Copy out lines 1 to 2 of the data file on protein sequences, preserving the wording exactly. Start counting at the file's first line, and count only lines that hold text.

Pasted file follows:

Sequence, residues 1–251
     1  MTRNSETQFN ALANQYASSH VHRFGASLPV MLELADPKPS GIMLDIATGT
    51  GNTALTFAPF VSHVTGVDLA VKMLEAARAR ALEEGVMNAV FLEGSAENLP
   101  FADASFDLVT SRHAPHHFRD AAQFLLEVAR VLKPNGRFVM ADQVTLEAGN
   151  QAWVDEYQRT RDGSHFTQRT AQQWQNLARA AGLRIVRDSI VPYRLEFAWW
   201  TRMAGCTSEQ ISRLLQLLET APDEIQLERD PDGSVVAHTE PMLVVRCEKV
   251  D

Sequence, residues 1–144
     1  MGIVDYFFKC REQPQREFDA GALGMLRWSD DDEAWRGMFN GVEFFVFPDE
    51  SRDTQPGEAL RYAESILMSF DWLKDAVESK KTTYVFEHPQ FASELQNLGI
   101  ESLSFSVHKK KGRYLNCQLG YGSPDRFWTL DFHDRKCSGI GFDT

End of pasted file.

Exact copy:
Sequence, residues 1–251
     1  MTRNSETQFN ALANQYASSH VHRFGASLPV MLELADPKPS GIMLDIATGT